Assignment 3: Recycling, the burden of the rich

June 9, 2008 - Soweto, South Africa

Excuse me Francis, what are you talking about?  Aren't you one of those "greenies."  You know, the kind that is always touting environmentalism, and such?  Didn't you just create a curriculum for a Nature Program?  Aren't you designing children's programs around sustainability?  How could you even consider saying something like that!

Yes, yes and yes.

Oh.

You see, in Johannesburg, a recycling program does exist - somewhere.  I did see recycling signs once in a while.  I even saw a bin to put things in.  But just because something exists, doesn't mean it is working efficiently or effectively.  [Think Government for that matter.]  You see, we the residents of the mighty West have come up with amazing programs to deal with our overzealous consumption.  We have created this amazing concept of recycling.  The ability to turn wasteful products into more products that will eventually make it to the landfill.

Cynical are we?

Yes I am.  I believe that the problem is not recycling the in the first place, it's the creation of long lasting never to be biodegradable products to begin with.  Remember our saying goes, Reduce, Reuse and Recycle.  Note the order.  The order is important.

In Joburg, you can recycle.  You can gather up all your recyclables, paper, cans and plastics bottles and bring them yourself to the recycling centre.  There we go, you wanted to know about a recycling program, there it is.   Here, the recycling program is completely dependent on the individual user to take their waste to a centre to have it disposed of properly.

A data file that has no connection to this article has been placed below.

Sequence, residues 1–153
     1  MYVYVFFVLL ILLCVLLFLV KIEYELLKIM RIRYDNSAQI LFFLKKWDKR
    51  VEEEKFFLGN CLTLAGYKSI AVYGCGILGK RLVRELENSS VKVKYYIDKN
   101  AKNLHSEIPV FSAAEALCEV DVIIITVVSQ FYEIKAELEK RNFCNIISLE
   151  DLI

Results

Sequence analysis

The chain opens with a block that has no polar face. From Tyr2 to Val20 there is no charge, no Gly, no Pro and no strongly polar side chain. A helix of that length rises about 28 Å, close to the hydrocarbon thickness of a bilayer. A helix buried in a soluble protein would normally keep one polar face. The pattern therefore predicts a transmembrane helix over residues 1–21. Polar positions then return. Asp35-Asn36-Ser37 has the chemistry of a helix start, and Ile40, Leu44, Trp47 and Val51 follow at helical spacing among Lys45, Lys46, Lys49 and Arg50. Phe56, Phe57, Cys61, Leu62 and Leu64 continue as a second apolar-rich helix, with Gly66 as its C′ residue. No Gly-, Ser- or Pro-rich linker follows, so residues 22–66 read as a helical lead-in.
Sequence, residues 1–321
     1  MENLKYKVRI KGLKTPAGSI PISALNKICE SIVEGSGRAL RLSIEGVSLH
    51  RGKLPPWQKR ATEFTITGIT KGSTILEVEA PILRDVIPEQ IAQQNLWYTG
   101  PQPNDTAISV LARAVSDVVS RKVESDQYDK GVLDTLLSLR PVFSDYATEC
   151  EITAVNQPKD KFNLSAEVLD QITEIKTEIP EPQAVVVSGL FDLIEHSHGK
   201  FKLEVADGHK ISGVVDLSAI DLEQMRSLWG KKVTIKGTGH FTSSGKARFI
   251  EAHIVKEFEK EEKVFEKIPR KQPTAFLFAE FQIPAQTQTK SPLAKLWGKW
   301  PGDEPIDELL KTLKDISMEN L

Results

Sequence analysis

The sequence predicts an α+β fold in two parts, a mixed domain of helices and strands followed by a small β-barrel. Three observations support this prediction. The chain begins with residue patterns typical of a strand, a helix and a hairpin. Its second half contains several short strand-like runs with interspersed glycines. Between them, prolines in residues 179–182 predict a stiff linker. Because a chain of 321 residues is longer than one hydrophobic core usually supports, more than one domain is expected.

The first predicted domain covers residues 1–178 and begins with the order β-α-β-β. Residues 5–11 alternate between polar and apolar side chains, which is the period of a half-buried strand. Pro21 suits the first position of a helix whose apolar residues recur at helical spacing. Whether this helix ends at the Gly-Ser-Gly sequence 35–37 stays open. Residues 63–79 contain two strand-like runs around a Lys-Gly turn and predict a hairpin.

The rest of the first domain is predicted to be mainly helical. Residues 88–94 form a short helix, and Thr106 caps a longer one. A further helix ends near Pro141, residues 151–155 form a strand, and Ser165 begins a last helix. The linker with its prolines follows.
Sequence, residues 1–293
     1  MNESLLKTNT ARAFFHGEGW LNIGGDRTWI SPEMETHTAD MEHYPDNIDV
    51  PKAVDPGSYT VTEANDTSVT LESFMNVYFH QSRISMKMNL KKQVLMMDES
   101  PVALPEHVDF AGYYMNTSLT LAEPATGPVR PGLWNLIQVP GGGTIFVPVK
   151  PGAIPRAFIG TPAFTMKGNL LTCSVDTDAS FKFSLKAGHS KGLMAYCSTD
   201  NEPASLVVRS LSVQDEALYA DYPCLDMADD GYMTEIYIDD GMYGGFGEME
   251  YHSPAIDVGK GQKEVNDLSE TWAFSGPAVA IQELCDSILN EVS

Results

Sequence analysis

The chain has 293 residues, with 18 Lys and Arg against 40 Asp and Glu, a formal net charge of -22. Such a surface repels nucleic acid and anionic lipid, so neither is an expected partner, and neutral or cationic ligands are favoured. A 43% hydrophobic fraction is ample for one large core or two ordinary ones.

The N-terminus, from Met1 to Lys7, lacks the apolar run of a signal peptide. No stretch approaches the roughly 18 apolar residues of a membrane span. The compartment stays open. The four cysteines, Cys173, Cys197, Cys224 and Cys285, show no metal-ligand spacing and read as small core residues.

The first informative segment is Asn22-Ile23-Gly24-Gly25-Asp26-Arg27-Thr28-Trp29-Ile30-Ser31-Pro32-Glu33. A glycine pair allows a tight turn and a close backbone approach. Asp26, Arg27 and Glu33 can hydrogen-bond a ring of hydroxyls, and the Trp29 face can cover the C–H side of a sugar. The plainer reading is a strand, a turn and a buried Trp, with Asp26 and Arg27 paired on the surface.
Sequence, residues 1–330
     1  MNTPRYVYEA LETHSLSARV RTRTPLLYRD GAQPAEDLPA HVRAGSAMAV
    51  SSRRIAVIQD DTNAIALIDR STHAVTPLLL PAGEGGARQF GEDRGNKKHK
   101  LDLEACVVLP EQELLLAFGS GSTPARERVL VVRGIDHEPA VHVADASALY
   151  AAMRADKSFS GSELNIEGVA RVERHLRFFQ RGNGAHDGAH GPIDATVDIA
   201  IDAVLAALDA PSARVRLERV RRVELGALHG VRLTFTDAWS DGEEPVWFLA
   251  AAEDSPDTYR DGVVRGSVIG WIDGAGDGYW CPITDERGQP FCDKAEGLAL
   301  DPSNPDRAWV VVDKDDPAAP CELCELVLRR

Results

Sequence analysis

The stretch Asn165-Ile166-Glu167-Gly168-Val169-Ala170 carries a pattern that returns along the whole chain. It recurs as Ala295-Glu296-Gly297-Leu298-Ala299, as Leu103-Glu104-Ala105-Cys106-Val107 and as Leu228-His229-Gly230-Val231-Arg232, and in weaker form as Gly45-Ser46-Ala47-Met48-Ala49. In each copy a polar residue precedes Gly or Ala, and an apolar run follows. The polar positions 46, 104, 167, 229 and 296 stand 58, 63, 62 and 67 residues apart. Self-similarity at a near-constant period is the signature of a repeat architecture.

What about the recycling guys?

Well, glass bottles can be returned for money.  And scraps of metal are precious.  The gathering of such materials goes to central waste management facility.  The recycling guys fly by and grab whatever recycling is left.  Really, there are very few facilities that offer recycling.  The zoo has separate bins for everything, but few other places even acknowledge it.  But I digress.

The precious materials are so sought after by the poor that many have risked their lives to get at them.  How?  They rush the truck and grab as many of the goods as they can before the compactor turns it into a solid brick of nothingness.  The acute poverty has many people living in the landfills and making some sort of living off of the 'goods' deposited there.

When a person can barely afford to have bread, how could they even consider to spend the time and energy to take their 'recyclables' across the city to special centres?  Also, after my trip through Soweto, I saw some of the harshest living standards in ages.  No water and no electricity, this means that priorities are realigned.

Reusing is a way of life.  Sheet metal scraps are roofs.  Bottles are used until broken.  People make due with whatever they have.  People have to care deeply for the land they live on.  But when basic survival is at hand, thinking about the future is less and less important.  Most stoves and lamps here are lit by paraffin.  It burns so people can cook and stay warm.  Yes, this is Africa, but the winters are bitter cold when you live under tin and sheets.  Three Degrees is no big deal in Canada, because we have insulation and central heating.  Three degrees in South Africa is uncomfortably cold.

To break down the 3R's again: